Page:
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U.N. Agency Head: Fighting Hunger Is a Matter of Faith
By
Cindy Wooden
Source: Catholic News Service
Published: Thursday, October 15, 2009
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VATICAN CITY (CNS)—The teachings of the Catholic Church and of Islam urge believers to manage resources wisely, providing for the poorest and avoiding all waste and excess, the head of the U.N. Food and Agriculture Organization told the Synod of Bishops for Africa.

Jacques Diouf, director general of the organization, was the only Muslim invited to participate in the Oct. 4-25 synod. And while his focus was on ending hunger and improving food security on the continent, he also spoke of the importance of faith in building a better world.

The growing number of people in the world who go to bed hungry is "the result of choices made on the basis of materialistic reasons to the detriment of ethical references," Diouf told the synod Oct. 12.

"This results in conditions of unjust life and an unequal world where a small number of persons becomes richer and richer, while the vast majority of the population becomes poorer and poorer," the U.N. official said.

Today's world has the financial power, the technology and the natural and human resources needed "to eliminate hunger in the world once for all," he said, but first it must overcome the power of greed, corruption and selfishness.

The United Nations is holding a world summit on food security in Rome Nov. 16-18 and the Vatican announced Oct. 13 that Pope Benedict XVI would attend the opening session.

Diouf presented several statistics to the synod:
  • "For the first time in the history of humanity, the number of hungry persons has reached 1 billion, which is 15 percent of the global population."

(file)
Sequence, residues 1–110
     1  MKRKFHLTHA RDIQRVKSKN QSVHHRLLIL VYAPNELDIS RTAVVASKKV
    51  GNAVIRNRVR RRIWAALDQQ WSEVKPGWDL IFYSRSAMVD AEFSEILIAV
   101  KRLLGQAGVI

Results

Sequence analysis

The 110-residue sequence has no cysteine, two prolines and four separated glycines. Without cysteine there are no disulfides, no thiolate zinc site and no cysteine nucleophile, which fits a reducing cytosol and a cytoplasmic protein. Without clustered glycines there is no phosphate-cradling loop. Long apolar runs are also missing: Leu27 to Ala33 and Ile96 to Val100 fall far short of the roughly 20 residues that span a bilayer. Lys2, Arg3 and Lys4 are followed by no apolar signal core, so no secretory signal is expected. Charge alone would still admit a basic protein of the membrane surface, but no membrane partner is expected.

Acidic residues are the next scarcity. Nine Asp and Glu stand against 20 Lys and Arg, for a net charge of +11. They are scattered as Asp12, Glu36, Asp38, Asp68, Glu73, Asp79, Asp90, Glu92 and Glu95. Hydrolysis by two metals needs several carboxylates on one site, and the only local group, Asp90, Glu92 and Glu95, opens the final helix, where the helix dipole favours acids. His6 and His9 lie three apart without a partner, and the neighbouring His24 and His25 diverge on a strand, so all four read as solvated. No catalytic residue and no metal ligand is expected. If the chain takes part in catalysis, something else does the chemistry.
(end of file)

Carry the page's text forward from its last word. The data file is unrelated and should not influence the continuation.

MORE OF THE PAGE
• More than 270 million Africans, about 24 percent of the continent's population, are undernourished. The figure is an increase of 12 percent over a year ago.
  • Agriculture represents 11 percent of African exports, 17 percent of the continent's gross national product and 57 percent of all employment.
  • Africa is likely to number 2 billion people -- double its current population -- by 2050.
  • The lack of efficient means of transportation, storage and packaging in Africa means that 40 percent to 60 percent of the harvests of some agricultural products are lost each year.
  • Only 5 percent of development aid is dedicated globally to agricultural projects although 70 percent of the world's poor have farming as their primary means of existence.
Diouf told the synod that he agrees with a key point in Pope Benedict's encyclical, "Charity in Truth," namely that every economic decision has a moral consequence.
"The problem of food insecurity in this world is primarily a question of mobilization at the highest political levels so that the necessary financial resources are made available," he said. "It is a question of priority when facing the most fundamental human needs."

Particularly praising the work of the Catholic Church, its charities and missionaries in Africa, Diouf underlined the role of faith in battling poverty.

"A planet free from hunger is what the miracle of an unshakable faith in the omniscience of God and of the indefectible belief in humanity can lead to," he told the synod.


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